Lenovo's Atom-based Windows 8 tablet-laptop hybrid is lightweight and usable, but build quality doesn't cut it
Lenovo's IdeaTab Lynx falls into roughly the same category as the Acer Iconia W700 and the HP Envy X2: an Atom-powered Windows 8 tablet with a keyboard dock that sports a second battery. With a starting price of $549, the IdeaTab is good for basic use, but its middling construction is worrisome.
At first glance the Lynx seems decent enough. It has a large display (11.6 inches, 1,366 by 768), it's lightweight (1.41 pounds without the dock), and it gets good battery life (7 hours, 20 minutes with the dock in my Netflix rundown test). Look closer, though, and you can see some cut corners.
[ Check out more Windows 8 tablet reviews on InfoWorld: HP ElitePad 900 " HP Envy X2 " Dell Latitude 10 " Acer Iconia W700 " Dell XPS 12 | Stay ahead of advances in mobile technology with InfoWorld's Mobile Edge blog and Mobilize newsletter. ]
The body and back are plastic rather than, say, magnesium cladding, which gives the unit a cheaper, flimsier feel compared to the Envy. The MicroSD card slot at the top is protected by a pop-port cover -- just like you see on smartphones -- that is flimsy enough that I worry I'll tear it completely loose if I pull too hard.
Since the only major external connectors on the unit itself are the MicroHDMI and audio jacks, you'll have to either dock the unit with its keyboard to plug in full-sized USB devices or use the included MicroUSB-to-USB dongle. Both the dock and the tablet support charging through a MicroUSB connector cable, which docks with a wall wart. The cable provided for charging is disappointingly short, so you can't stray too far from an outlet when charging.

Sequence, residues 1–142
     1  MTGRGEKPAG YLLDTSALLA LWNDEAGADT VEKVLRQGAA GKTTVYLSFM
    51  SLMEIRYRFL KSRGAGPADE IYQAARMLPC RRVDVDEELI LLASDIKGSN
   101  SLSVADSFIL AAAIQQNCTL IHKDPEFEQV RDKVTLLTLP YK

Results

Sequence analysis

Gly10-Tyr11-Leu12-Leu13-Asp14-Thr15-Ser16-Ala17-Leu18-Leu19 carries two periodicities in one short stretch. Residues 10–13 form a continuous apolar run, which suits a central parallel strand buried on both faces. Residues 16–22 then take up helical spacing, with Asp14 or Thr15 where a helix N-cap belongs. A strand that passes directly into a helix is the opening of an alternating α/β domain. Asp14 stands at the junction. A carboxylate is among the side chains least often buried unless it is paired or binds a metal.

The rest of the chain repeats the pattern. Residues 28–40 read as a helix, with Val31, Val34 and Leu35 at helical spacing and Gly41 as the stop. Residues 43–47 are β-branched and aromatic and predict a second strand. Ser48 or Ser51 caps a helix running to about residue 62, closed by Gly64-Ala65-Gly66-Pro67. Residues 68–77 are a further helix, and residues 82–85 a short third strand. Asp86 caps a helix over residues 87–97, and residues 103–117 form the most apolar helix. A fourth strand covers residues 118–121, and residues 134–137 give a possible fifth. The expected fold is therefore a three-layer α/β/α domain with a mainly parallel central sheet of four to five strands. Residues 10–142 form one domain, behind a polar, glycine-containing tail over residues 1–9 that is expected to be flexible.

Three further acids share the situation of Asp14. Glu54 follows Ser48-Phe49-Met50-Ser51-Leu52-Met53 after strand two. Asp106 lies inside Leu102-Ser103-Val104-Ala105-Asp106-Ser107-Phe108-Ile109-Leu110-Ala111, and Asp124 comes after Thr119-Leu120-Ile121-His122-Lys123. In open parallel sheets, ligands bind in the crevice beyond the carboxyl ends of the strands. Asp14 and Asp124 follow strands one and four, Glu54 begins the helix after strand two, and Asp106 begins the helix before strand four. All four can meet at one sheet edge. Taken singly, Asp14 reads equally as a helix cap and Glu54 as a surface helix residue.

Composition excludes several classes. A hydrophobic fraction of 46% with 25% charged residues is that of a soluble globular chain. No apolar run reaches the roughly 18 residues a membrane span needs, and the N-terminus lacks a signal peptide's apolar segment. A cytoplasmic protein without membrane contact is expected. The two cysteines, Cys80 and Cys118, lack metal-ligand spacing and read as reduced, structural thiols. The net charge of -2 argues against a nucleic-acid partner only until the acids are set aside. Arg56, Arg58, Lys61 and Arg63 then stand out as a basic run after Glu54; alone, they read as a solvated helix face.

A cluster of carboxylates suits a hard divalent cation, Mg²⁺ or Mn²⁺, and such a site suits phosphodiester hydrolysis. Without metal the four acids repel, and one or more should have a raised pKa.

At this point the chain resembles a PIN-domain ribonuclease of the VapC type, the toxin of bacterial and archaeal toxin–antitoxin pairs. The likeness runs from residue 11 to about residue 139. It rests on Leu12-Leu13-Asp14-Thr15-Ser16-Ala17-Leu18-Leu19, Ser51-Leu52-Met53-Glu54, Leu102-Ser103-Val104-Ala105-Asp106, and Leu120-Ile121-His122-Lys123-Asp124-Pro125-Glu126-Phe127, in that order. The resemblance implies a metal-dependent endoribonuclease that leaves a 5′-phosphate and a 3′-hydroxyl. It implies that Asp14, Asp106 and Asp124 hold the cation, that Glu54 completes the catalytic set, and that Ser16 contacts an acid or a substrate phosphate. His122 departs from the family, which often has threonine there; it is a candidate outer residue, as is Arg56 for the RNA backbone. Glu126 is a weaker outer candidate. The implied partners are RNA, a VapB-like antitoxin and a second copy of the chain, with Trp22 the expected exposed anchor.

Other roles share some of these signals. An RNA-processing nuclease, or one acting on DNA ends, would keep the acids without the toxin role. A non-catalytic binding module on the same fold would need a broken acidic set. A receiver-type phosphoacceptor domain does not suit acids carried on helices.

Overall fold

The keyboard dock is the least impressive part of the package. Its plastic construction not only feels flimsy, but at one point the top edge of the keyboard came away from the base and had to be snapped back in. The touchpad is much smaller than those of other machines in the same class. Worse, it uses click zones at the bottom of the pad instead of actual buttons (which causes the cursor to jump around), and it doesn't appear to support gestures either.
Key action isn't bad, but the tray containing the keys tends to flex a bit when typing -- another sign of poor design. While the dock itself is sturdy, the front lip of the dock makes it difficult to swipe on the screen from the bottom when the unit is docked. (I noticed it's easier to park the unit in the dock by inserting it at a slight angle, rather than straight down.)
The preloaded software in the Lynx is in line with its consumer orientation. You'll find Norton Internet Security, Nitro PDF 7, and a trial copy of Microsoft Office 2010, along with Intel's AppUp store and Lenovo-branded SugarSync cloud storage software. A business user could in theory make this machine part of his or her workflow -- TPM is included -- but there are better offerings from both Lenovo and other vendors for that market, as well as the consumer market.
This article, "Review: Lenovo IdeaTab Lynx gives Intel Atom a bad name," was originally published at InfoWorld.com. Follow the latest developments in computer hardware and mobile technology at InfoWorld.com. For the latest business technology news, follow InfoWorld.com on Twitter.
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This story, "Lenovo IdeaTab Lynx gives Intel Atom a bad name" was originally published by InfoWorld.
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